Canada

Access-to-information systems across Canada slowed by COVID-19

An international human rights organization is calling on all levels of government in Canada to continue answering access-to-information requests — and prioritize ones that relate to government accountability.

Some agencies have stopped accepting requests, but advocates say accountability is more important than ever

COVID-19 has slowed down access to information systems across the country, limiting a key tool used to keep governments in check. (CBC)

An international human rights organization is calling on all levels of government in Canada to continue answering access to information requests — and prioritize ones that relate to government accountability.

As governments across the country move to offer essential services only due to COVID-19, some are warning of delays in processing access to information requests, while others have stopped accepting new requests entirely.

It means the public has one less tool to understand how those in power are making decisions during a public health crisis.

"We've got, on the one hand, this incredible need for accountability and on the other hand, the institutions of accountability are operating well below their normal levels," Toby Mendel, executive director of the Halifax-based Centre for Law and Democracy, said in an interview.

"So, it's a cocktail for lack of accountability and at this time, the importance of access to information is much, much greater than ever."

The Access to Information Act allows applicants who pay $5 to ask for documents ranging from expense reports to briefing papers from government bodies in Canada.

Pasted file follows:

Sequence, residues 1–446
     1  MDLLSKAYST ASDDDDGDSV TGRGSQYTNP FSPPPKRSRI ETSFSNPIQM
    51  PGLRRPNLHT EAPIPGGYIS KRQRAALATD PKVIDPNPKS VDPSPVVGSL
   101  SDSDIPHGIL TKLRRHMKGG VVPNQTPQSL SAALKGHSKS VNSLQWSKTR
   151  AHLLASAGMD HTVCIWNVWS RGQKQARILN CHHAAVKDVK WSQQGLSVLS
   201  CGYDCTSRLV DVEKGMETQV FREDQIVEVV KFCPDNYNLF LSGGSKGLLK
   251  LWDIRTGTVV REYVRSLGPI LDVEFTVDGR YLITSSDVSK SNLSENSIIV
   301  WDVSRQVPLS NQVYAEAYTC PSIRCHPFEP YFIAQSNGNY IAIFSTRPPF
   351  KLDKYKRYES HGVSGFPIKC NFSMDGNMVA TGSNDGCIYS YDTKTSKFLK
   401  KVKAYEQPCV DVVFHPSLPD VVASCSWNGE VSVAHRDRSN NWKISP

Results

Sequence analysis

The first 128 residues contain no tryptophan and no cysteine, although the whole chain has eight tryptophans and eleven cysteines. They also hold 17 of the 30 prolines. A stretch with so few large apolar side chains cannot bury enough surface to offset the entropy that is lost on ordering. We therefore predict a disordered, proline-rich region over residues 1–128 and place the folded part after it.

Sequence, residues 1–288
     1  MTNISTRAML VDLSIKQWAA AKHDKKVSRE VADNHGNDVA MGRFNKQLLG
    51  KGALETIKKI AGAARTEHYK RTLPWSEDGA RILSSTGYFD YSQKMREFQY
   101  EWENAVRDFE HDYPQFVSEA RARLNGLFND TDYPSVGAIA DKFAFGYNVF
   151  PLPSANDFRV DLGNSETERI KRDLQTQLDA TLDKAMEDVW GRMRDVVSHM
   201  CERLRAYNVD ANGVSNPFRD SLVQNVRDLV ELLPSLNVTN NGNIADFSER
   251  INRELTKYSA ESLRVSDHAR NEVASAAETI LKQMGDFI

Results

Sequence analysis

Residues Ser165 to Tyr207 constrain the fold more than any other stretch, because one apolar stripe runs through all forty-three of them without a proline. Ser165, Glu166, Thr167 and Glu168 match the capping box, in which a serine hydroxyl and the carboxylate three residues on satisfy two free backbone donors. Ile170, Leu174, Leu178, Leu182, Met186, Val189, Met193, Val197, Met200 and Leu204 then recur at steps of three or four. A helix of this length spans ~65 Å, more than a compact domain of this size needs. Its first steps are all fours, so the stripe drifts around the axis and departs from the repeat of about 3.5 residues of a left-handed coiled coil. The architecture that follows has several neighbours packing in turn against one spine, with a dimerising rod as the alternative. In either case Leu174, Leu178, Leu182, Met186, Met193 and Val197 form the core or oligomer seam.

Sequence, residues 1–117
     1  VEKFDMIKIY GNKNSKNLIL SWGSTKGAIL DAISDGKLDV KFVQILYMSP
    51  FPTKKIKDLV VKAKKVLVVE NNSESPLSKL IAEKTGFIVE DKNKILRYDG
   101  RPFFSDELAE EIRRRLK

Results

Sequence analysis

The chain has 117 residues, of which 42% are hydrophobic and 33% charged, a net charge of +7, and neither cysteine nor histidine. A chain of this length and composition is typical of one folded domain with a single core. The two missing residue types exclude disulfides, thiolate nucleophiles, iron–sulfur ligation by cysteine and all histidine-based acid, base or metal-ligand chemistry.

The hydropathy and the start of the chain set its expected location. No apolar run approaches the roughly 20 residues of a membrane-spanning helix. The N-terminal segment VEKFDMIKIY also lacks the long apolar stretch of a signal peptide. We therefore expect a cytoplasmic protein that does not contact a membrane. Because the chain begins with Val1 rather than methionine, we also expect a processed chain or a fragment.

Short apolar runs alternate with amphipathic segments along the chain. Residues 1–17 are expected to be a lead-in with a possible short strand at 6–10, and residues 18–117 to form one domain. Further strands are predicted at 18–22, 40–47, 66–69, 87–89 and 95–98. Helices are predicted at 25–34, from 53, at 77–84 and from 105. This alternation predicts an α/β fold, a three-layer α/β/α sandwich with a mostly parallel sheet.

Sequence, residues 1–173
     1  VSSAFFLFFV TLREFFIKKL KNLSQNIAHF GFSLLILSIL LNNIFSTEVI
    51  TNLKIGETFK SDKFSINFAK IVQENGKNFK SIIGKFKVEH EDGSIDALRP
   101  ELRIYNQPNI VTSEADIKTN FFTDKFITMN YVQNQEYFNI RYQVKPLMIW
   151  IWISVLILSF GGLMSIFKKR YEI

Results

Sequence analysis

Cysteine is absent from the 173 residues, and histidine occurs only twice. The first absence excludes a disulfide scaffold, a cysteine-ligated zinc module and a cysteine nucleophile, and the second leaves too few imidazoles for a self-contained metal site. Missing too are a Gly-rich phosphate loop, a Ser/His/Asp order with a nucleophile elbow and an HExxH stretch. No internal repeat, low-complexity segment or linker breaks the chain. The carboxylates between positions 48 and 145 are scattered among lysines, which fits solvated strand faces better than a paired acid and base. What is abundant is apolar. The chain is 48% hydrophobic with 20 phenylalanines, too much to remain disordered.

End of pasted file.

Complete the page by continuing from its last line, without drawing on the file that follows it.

'Canadians will expect a comprehensive picture'

Last week, the federal information commissioner urged federal agencies and departments to "take all reasonable measures to limit the impact on individuals' right to access."

She followed it up with a statement on Thursday, reminding public bodies about their obligation to document decisions and actions, even with many people working from home.

"When the time comes, and it will, for a full accounting of the measures taken and the vast financial resources committed by the government during this emergency, Canadians will expect a comprehensive picture of the data, deliberations and policy decisions that determined the government's overall response to COVID-19," commissioner Caroline Maynard wrote in the statement.

Information commissioner Caroline Maynard has released statements urging public institutions to take 'all reasonable measures' to limit the impact of COVID-19 on the public's right to know. (Government of Canada)

But some institutions in the already-clogged federal system are halting access to information requests indefinitely.

"The Access to Information and Privacy Office has decided to put all access and privacy requests on hold until the situation returns to normal," Public Services and Procurement Canada wrote in an email to an applicant last week.

The email didn't say what part of the legislation allows it to put requests on hold indefinitely or how it would define "normal."